This reluctance may also be due to suppliers’ concerns that demand is being inflated by double-ordering in the supply chain. Analysts are worried about that as well. In a recent research note on passives manufacturer Kemet, Stifel analyst Matthew Sheerin noted Kemet’s management “believes the current strong cycle has legs due to multiple demand drivers in the next few years. That said, we point to two concerns: the distribution book-to-bill was 1.63, which implies double-ordering; and the capacity expansion at [Kemet] and across the industry should reduce lead times and bookings sometime next year.”
Some OEMs can’t wait that long. Morey, for example, has customer-driven approved vendor lists (AVLs) that are limiting its sourcing options. “We’re working on deepening our AVL but of course that’s up to the customer,” said Whittier. Like most organizations, Morey must consider sourcing from reputable independent distributors. “We use them when we have to, but the difference is prices could be 5 percent to 10 percent higher than in other channels.”
Distributors and OEMs report that price increases have been more steep than public reports indicate. “What many suppliers are trying to do is move customers to the newer technologies so they can obsolete less profitable lines,” Whittier said. “So, they’re increasing prices on the legacy products but not on the newer technology. Those devices tend to be smaller so of course you have to buy more parts.”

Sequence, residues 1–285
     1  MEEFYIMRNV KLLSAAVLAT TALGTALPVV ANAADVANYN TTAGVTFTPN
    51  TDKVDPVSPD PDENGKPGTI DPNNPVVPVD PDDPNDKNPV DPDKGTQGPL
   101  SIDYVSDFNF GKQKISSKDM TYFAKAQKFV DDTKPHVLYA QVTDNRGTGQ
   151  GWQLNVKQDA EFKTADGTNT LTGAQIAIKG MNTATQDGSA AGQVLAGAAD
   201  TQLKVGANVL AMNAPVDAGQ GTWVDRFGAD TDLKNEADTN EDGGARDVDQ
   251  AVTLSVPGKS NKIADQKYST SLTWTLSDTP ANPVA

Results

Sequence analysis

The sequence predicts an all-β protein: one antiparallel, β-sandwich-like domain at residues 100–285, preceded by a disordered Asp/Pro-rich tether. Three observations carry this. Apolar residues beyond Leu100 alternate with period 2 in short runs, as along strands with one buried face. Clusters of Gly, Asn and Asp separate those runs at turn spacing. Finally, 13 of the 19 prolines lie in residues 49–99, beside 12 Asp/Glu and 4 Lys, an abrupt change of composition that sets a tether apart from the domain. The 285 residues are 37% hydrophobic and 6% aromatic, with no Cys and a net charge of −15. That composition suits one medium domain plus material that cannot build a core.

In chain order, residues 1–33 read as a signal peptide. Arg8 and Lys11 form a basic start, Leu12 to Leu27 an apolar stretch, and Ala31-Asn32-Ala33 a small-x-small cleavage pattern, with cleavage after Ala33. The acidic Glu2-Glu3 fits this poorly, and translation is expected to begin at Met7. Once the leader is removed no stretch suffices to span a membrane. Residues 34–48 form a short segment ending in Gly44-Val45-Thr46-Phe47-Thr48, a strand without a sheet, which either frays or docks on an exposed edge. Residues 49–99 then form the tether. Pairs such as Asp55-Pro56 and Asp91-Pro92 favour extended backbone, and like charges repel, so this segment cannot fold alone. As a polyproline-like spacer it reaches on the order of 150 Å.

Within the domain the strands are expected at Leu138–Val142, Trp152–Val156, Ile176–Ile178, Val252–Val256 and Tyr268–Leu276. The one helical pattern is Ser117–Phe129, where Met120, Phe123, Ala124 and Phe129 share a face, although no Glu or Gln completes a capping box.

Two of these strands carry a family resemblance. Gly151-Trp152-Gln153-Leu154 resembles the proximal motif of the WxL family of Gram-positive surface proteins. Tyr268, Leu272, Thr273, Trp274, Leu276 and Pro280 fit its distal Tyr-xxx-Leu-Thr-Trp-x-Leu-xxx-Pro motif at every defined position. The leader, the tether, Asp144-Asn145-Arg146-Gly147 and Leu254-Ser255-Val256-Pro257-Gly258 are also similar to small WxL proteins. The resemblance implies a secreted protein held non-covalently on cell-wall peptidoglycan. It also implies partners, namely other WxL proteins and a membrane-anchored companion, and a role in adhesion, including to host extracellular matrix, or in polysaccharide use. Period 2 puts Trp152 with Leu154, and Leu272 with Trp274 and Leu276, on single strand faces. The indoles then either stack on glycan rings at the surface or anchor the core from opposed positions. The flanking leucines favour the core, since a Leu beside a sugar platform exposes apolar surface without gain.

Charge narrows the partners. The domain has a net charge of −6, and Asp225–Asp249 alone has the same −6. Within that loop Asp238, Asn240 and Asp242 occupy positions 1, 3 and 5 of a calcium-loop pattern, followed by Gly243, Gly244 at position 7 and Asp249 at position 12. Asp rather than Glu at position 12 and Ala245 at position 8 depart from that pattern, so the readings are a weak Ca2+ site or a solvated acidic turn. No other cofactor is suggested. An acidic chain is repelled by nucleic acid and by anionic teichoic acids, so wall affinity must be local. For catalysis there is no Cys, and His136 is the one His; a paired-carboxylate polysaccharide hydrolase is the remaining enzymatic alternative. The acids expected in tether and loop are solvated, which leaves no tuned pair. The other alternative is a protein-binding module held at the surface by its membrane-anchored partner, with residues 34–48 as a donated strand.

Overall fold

“We are seeing price increases across the board,” said Chris Kolodko, finished goods global commodity manager at Fusion Worldwide. Fusion tries to maintain its pricing, he said, “but then we hear from the manufacturer that prices are increasing at the beginning of the week. We know this line will increase by 5 to 15 percent. At the very least, we are transparent with our customers so they see what’s going on with pricing.”